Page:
The Pennsylvania rental application form is a document sent out to prospective tenants in order to compile personal, financial, and other information that will be used by an agent or landlord to screen applicants for a rental property.
- Application Fee – there is no limit to what landlords in Pennsylvania can charge as an application fee. Application fees are non-refundable.
- Discrimination Laws – Pennsylvania has state-specific protection against ancestry, plus federal law makes it illegal in Pennsylvania to ask about race, color, religion, nationality, sex, disabilities, or familial status (such as children who will live in the property), with some exceptions.
- Consent for Credit Check – the Federal Credit Reporting Act (FCRA) requires a prospective tenant to give written consent to check their credit history during the screening process.
Pennsylvania Rental Application Laws
The following laws apply to the application and tenant screening process in the state of Pennsylvania.
Collecting an Application Fee in Pennsylvania
While other states specify a maximum amount to collect as a rental application fee, Pennsylvania does not limit how much an application fee can be.
Illegal Housing Discrimination in Pennsylvania
Federal and Pennsylvania state laws are in effect to protect potential renters from unfair discrimination during the application process.
Fair Housing Act
The Federal Fair Housing Act makes it illegal to discriminate against the following protected classes:
- National Origin (Nationality)
- Familial Status (having or not having children)
- Disability (Physical or Mental)
As a result, asking about any of these items on a rental application form (and/or using them to base an application decision on) is not allowed.
Pennsylvania Fair Housing Laws
Additionally, Pennsylvania state laws add additional protections for the following classes:
- Pregnancy Status
Asking about any of these items on a rental application form (and/or using them to base an application decision on) is not allowed.
Exemptions to Fair Housing Laws
Exemptions from Fair Housing laws do exist. In Pennsylvania, the following exemptions are allowed:
- Age/Familial Status – it is acceptable to ask about and base a decision on applicant age and/or if children will occupy the rented premises in any of the below cases:
- Two-family owner or family member-occupied dwellings.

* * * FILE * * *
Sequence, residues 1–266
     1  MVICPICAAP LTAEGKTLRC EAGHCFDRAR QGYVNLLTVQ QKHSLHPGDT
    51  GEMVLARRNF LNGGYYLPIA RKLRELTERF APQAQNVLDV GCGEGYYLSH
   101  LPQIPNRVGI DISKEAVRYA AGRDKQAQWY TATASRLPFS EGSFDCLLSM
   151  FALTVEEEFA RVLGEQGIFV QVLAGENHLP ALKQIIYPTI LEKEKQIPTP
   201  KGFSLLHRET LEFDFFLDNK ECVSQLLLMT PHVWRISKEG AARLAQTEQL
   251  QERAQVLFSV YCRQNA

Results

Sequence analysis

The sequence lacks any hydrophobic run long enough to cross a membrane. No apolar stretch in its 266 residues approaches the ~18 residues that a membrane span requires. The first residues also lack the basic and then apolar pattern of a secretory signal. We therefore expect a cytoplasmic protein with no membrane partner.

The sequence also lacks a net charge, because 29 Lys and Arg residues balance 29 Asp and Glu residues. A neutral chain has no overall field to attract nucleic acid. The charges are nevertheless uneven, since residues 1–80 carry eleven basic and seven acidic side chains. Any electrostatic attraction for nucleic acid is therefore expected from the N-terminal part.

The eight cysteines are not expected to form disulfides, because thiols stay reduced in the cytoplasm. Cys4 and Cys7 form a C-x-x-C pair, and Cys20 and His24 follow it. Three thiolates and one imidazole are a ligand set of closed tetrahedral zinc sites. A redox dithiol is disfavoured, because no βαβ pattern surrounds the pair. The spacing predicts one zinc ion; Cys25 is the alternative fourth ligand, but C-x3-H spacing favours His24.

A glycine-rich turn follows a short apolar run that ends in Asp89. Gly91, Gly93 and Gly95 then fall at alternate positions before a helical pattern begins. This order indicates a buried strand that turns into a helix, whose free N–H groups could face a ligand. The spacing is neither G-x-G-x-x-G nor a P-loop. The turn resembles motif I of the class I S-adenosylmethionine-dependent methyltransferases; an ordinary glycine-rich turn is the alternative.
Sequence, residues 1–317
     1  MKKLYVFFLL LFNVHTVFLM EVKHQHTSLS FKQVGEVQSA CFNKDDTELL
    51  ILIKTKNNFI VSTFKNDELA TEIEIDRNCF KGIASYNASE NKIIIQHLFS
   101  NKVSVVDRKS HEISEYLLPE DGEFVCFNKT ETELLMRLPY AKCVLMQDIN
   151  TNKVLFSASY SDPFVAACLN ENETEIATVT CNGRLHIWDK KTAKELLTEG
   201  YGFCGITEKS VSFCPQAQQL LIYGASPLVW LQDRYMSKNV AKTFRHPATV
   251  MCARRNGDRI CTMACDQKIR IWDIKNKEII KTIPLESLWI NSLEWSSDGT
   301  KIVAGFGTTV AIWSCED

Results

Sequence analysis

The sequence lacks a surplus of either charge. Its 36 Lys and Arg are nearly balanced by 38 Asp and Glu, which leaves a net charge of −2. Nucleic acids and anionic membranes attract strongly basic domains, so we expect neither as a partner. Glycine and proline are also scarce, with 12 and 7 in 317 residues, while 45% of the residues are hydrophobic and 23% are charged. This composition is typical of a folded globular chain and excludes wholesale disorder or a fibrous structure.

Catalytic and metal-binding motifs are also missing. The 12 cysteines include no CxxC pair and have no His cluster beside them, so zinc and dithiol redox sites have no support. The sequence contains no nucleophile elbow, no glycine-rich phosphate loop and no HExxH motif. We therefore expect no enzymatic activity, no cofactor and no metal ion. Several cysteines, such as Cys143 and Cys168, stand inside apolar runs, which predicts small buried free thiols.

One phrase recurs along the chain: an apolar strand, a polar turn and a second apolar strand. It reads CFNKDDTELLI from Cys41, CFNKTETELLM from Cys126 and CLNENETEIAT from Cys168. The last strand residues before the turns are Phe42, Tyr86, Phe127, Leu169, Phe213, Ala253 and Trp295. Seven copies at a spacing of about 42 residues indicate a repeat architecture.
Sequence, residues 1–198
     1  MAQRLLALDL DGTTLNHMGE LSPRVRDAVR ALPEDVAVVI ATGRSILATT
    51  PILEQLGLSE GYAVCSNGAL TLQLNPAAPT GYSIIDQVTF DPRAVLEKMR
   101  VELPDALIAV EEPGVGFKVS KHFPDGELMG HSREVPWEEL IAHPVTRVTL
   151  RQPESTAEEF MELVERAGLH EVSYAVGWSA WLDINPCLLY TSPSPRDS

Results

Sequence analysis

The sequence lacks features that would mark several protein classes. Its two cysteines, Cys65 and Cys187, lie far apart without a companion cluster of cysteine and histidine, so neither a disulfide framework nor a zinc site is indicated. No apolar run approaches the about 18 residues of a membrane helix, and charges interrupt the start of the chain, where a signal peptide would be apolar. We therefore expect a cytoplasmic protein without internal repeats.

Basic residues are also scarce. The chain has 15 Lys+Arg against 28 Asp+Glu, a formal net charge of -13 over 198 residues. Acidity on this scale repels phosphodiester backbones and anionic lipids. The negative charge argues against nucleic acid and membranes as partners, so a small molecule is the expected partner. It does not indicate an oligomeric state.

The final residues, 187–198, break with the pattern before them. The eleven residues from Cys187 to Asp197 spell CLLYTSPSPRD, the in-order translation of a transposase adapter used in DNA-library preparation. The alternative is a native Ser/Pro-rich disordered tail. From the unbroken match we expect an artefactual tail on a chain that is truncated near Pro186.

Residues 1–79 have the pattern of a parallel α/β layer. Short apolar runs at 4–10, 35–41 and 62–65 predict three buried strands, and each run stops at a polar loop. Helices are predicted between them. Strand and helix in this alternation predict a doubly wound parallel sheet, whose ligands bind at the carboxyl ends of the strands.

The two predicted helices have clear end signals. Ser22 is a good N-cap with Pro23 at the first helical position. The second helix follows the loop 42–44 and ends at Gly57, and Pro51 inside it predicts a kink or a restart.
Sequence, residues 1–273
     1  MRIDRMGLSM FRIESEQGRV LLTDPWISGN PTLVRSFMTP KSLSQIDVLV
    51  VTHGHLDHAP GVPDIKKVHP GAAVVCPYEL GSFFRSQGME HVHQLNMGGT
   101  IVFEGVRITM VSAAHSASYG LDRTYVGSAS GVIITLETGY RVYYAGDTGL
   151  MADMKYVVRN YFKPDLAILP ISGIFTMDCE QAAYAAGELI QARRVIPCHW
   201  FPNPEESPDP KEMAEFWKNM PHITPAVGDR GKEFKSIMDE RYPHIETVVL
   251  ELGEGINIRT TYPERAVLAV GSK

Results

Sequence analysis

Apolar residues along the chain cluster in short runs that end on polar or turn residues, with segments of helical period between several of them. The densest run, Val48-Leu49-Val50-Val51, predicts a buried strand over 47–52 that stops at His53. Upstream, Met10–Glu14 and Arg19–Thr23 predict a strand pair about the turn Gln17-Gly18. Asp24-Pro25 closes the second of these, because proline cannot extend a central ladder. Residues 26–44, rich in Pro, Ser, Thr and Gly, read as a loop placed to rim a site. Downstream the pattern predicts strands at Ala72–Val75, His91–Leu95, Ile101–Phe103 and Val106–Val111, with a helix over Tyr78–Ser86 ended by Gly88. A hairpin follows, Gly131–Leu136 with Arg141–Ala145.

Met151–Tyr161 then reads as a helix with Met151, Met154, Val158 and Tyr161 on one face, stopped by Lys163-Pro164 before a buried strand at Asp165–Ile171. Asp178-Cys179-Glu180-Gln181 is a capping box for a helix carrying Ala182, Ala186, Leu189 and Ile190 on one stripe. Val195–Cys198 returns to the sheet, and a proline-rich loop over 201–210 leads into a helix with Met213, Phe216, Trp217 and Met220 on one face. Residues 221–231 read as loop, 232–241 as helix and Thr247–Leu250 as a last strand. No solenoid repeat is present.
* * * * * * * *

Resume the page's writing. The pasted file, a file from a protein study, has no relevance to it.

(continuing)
- Housing for Older Persons Exemption – landlords may ask for an applicant’s age in the case of age-restricted communities such as senior housing. This federal exemption, known as the “Housing for Older Persons” exemption, can apply to 55+ or even 62+ communities that meet the requirements.
- Mrs. Murphy Exemption – dwellings with four units or less where one unit is occupied by the owner are exempt from Fair Housing Laws, unless a real estate agent represents the landlord. Additionally, race cannot be a deciding factor as per the Civil Rights Act of 1866
- Religious Organizations – religion can be used as a basis for giving preference to certain applicants for property that is owned, operated, supervised, or controlled by a religious organization that does not rent for commercial purposes. However, other protected classes may not be the basis for making a decision as a result of this exemption. 42 U.S. Code § 3607
- Private Clubs – private clubs that operate without public access or commercial intent may provide preferential treatment of applications for lodgings owned or operated by the club. 42 U.S. Code § 3607
Federally, race is a non-exemption criteria that cannot have an influence on the choice of whether to rent to an applicant or not regardless of existing exemptions.
Consent for Credit Checks
Before a landlord can run a credit check based on the prospective tenant’s information on the submitted rental application, the Federal Credit Reporting Act requires that written consent must be given by the applicant. This written consent can be given via a statement of such and signature on the rental application form itself, or via a separate consent form (example template).
Pennsylvania Security Deposit Law
If an applicant is approved, the following laws apply to the collection of security deposits in Pennsylvania:
- Standard Limit / Maximum Amount: Pennsylvania landlords can charge no more than 2 months’ rent as a security deposit. After the first year of tenancy, if the lease is renewed, the limit is one month’s rent for a security deposit.